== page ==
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Syrian author Khaled Khalifa, a titan of contemporary Arabic literature, dies at 59

ARI SHAPIRO, HOST:

We're going to take some time now to remember Khaled Khalifa. The celebrated Syrian poet, screenwriter and novelist died late last month of cardiac arrest. He was 59 years old.

JUANA SUMMERS, HOST:

Khalifa is considered one of the most important figures in contemporary Arabic literature, known for his vivid and moving writings. And he was regarded as a wordsmith, which also made him a powerful critic of Syria's government, resulting in his work sometimes being banned.

SHAPIRO: He was once described as a weaver of worlds. Khalifa told the Louisiana Museum of Modern Art in 2013 he's always been drawn to writing.

(SOUNDBITE OF ARCHIVED RECORDING)

KHALED KHALIFA: (Through interpreter) Ever since I was a child, my only project has been to write, and naturally, there was a price to pay for a young man who wanted to become a writer. Writing always got you in trouble.

SUMMERS: Khalifa was born in the outskirts of Aleppo, a city nearly destroyed during the height of Syria's brutal civil war. He laid bare the anguish wrought by the conflict in a 2016 novel titled "Death Is Hard Work."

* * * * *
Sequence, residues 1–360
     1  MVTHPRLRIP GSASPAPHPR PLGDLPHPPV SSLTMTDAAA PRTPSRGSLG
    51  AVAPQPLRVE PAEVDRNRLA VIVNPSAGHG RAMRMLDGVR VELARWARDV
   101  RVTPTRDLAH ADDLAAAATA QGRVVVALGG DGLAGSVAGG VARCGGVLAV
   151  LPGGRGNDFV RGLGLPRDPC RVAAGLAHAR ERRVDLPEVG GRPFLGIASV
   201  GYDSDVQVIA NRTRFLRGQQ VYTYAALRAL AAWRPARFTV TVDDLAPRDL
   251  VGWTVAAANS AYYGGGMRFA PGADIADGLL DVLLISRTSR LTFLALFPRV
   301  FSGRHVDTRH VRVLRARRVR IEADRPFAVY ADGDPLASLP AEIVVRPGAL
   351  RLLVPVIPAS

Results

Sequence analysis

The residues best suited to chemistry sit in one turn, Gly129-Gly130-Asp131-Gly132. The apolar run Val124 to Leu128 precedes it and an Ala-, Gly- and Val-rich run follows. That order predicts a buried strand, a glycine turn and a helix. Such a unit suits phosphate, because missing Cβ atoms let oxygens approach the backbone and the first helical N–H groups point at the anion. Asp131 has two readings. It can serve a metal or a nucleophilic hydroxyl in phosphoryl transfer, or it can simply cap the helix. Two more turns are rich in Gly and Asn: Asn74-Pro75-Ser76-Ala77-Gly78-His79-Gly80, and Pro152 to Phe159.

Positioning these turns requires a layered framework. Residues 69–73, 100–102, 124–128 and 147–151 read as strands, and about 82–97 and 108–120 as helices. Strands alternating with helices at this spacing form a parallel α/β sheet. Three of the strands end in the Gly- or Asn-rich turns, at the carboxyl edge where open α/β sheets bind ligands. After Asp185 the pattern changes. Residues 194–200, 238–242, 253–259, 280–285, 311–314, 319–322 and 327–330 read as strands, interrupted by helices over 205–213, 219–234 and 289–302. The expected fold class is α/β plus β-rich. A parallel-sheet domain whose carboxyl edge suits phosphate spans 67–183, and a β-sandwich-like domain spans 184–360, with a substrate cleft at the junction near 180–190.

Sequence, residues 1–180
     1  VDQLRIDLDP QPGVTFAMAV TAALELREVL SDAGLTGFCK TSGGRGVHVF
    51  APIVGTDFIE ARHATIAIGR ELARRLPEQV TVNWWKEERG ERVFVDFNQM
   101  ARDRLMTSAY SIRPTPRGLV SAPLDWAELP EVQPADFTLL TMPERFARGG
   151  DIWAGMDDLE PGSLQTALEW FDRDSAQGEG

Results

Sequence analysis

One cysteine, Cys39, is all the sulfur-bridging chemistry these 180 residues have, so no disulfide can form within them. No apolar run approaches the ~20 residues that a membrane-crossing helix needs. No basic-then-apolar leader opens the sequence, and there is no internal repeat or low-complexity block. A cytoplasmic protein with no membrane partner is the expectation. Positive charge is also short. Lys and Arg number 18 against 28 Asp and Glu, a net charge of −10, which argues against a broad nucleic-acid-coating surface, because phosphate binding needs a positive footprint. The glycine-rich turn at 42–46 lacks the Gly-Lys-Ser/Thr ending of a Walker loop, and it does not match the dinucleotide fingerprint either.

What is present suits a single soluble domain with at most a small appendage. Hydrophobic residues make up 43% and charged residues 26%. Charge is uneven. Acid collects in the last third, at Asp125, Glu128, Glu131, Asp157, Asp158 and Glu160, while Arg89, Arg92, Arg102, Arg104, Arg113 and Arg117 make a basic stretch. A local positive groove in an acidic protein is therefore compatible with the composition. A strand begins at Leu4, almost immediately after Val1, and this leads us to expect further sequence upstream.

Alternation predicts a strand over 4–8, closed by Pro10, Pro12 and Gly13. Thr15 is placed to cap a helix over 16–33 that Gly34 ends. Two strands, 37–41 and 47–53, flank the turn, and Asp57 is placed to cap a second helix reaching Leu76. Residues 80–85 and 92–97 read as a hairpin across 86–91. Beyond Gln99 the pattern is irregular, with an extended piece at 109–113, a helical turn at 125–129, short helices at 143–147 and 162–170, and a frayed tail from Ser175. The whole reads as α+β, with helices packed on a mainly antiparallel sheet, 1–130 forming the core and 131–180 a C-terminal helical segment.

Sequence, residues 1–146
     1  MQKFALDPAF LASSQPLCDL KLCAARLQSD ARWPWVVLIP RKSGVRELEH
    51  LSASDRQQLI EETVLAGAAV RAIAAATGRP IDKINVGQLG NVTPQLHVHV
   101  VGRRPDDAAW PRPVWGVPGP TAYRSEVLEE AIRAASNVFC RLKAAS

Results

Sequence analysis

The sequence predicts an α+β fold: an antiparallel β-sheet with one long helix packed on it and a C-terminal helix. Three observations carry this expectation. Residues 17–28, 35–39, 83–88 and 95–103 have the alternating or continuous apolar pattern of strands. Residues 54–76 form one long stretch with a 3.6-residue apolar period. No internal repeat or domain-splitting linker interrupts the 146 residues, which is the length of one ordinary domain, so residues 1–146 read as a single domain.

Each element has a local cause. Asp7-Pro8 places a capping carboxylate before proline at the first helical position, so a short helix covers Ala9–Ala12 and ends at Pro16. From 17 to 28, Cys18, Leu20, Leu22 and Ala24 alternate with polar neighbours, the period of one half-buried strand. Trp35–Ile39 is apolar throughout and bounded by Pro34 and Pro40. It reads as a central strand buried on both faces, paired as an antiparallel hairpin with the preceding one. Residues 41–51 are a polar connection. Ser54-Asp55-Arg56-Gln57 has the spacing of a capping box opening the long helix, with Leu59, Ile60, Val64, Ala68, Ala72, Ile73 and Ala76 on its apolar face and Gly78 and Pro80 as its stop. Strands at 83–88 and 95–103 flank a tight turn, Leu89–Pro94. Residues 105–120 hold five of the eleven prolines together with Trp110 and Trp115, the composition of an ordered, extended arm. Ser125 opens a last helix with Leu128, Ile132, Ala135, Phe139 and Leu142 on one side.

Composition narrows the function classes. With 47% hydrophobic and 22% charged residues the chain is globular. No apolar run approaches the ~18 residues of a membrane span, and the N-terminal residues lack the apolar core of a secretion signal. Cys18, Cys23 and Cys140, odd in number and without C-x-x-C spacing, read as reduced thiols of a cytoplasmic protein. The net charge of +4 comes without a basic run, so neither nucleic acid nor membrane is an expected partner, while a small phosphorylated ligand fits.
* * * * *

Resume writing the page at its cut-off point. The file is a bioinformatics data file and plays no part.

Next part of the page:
SHAPIRO: It tells the story of three siblings who embark on a dangerous journey through the war-torn country. In this translated passage, a bereaved mother mourns her son, who was killed during the conflict, and her grief hardens into a cold rage.

ISAAC ABU ZAANONA, BYLINE: (Through interpreter) Victory in the revolution meant nothing to her anymore other than the chance of seeing her son's murderers dragged through the streets. She was gripped by fantasies of revenge for losses for which there was no possible restitution. After losing their compassion, a person becomes little more than another corpse abandoned by the roadside, one that should really be buried. She knew that she was already just such a body, but she still needed to die before she could find peace under the Earth. And for her, dying was the hardest work of all.

SUMMERS: That was Isaac Abu Zaanona and NPR's Elena Burnett reading from Khaled Khalifa's novel "Death Is Hard Work," with translation from Leri Price.

SHAPIRO: Khalifa died on September 30 in Damascus, Syria.

(SOUNDBITE OF CLARISSA BITAR'S "HASSAN SABI") Transcript provided by NPR, Copyright NPR.

NPR transcripts are created on a rush deadline by an NPR contractor. This text may not be in its final form and may be updated or revised in the future. Accuracy and availability may vary. The authoritative record of NPR’s programming is the audio record.

Michael Levitt
Michael Levitt is a news assistant for All Things Considered who is based in Atlanta, Georgia. He graduated from UCLA with a B.A. in Political Science. Before coming to NPR, Levitt worked in the solar energy industry and for the National Endowment for Democracy in Washington, D.C. He has also travelled extensively in the Middle East and speaks Arabic.
Tinbete Ermyas